Continued from the previous page.
REMAINDER OF THE HARNEY PEAK LOOP
The last mile of Trail #9 back to the trailhead at Sylvan Lake is
more smooth as it undulates through attractive autumn-hued meadows and
trees and continues to pass more rock formations:
Cody still leads the way as we
get close to the trailhead at Sylvan Lake.
That's a good sign; when he's tired, he lags behind
Cody did great with the distance, difficulty, and hauling his own water.
He hasnít worn his pack for a long while.
If you hike with your four-legged buddy to Harney Peak be sure to take
plenty of water for both you and your dog. At this time of year there is
only one little stream along this loop.
I didnít see any other dogs on the trail so sweet Cody got lots of
attention. Last fall I remember that we met a German shepherd near the
fire tower and its owner warned me about the grated metal stairs.
Fortunately Cody didn't have any trouble negotiating them either time
we've been up to the tower.
Happy hiker, still going strong at 9Ĺ
years of age
Weekdays are great for hiking these trails.
There were other people on the trail today but it wasnít crowded at any time
-- even around popular Sylvan Lake or the picturesque fire tower
on the peak.
Meanwhile, Jim was patiently waiting for me in another section of the
park about 25 miles away after his long bike ride.
After my hike I went back out to the Needles Highway (SD 87) from the
Sylvan Lake Road and drove the remaining part of the super-scenic
Needles Highway through the northwestern part of Custer State Park to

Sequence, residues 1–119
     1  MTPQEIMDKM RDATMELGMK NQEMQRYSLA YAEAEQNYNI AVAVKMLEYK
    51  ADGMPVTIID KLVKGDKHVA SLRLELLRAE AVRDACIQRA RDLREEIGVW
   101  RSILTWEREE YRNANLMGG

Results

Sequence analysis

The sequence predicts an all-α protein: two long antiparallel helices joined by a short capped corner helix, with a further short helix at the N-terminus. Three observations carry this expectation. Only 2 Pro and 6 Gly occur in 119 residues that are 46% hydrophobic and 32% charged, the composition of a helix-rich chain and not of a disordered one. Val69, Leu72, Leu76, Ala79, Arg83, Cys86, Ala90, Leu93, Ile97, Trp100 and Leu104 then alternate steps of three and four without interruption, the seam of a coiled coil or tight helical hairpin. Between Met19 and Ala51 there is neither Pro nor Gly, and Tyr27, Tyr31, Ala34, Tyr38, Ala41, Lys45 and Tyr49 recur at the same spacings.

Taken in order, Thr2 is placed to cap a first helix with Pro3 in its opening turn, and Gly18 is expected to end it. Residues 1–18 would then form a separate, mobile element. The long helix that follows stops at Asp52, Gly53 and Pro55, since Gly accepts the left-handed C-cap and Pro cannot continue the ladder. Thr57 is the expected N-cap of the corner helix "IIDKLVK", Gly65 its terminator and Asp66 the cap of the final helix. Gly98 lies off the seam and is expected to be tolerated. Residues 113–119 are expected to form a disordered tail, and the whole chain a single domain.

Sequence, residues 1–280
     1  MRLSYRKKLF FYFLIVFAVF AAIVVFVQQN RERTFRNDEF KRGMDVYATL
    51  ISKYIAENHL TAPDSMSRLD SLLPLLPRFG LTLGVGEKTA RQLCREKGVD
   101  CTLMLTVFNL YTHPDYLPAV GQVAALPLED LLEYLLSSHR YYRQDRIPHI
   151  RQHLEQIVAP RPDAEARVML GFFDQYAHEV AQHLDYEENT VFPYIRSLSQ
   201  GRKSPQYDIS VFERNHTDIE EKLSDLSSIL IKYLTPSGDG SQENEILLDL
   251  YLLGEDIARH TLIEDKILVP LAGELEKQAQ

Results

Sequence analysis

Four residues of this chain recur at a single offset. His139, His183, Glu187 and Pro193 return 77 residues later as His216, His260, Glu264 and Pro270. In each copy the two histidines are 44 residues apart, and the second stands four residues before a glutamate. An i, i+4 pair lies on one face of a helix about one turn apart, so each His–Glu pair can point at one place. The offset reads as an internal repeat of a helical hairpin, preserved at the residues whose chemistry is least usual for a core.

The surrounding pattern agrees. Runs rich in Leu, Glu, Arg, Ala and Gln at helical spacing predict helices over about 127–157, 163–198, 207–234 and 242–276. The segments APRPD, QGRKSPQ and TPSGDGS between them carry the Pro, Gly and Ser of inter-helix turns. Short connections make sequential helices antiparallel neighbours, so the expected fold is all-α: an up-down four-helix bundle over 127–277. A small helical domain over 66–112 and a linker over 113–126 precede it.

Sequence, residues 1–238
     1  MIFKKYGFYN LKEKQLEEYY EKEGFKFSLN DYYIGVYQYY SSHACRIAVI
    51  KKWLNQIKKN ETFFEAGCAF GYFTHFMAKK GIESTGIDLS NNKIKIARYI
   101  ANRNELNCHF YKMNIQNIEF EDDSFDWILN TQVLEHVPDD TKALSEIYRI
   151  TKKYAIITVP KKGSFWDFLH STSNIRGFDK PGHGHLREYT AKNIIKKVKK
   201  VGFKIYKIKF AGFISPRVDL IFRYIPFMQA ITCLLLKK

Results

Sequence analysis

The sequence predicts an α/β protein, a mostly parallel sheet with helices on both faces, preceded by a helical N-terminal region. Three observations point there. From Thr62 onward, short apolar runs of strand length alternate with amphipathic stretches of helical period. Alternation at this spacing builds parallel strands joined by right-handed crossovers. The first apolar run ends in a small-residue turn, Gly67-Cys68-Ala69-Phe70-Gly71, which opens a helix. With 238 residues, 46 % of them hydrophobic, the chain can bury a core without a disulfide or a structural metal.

the intersection with US 16A.
The Needles Highway is 14 miles long. "Highway" is a misnomer. Although it is a
two-way road it's very narrow. It's a great drive, especially in the fall,
on a bike or in a vehicle
small enough to get through the even more narrow tunnels.
This is the approach to one of the tunnels:
I have to put the side mirrors of the pickup truck in when I go that
tunnel to be sure I don't scrape the rock walls -- that's how
narrow these tunnels are! Do not ever drive this road or Iron Mountain
Road in a motorhome (even a little one) or hauling a trailer (even a little one).
The road is named "Needles" because of the rock spires it passes:
Despite being narrow, it's a fascinating road to cycle
when there isn't a lot of traffic:
About three miles from Sylvan Lake is the trailhead for
Trail #4A to Cathedral Spires:
This strenuous trail is 1.5 miles long and is
usually hiked out and back. It's a very popular trail. I've been on only
the top part of it where it connects to Trail #4.
Here's a view of the south side of the spires from the
road near the trailhead:
Along the Needles Highway the aspens and birches are at
their peak right now. It's a good thing there was minimal traffic on the
road today because I kept stopping to take pictures through the
windshield or out my window:
I had the pleasure of driving through two more tunnels before I got
off the Needles Highway:
Those tunnels are narrow but not as skinny as the one where I put in the
truck mirrors to pass through without scraping.
I turned east on US 16A and drove about eight more miles to meet Jim at
the cabin area in the park.
After waiting over an hour for me to come get him, he was understandably
in a hurry to get home. He drove out of the park and up US 79 to our
campground at Ellsworth AFB just east of Rapid City.
Colorful barn on US 16A east of Custer State Park
A more scenic option would be to drive north on Iron Mountain Road from
Custer State Park to the town of Keystone and back on US 16 but that would have taken
twice as long.
We both had a great day down in the Black Hills today.
We plan to go back a couple more times while we're in the area so stay
tuned for more adventures in the Hills . . .
Next entry: more cycling on the Mickelson Trail, photos
from the stockade at Stockade Lake, plus a visit to Prairie Berry Winery (yum!)
"Runtrails & Company" - Sue Norwood, Jim O'Neil,
and Cody the ultra Lab
© 2012 Sue Norwood and Jim O'Neil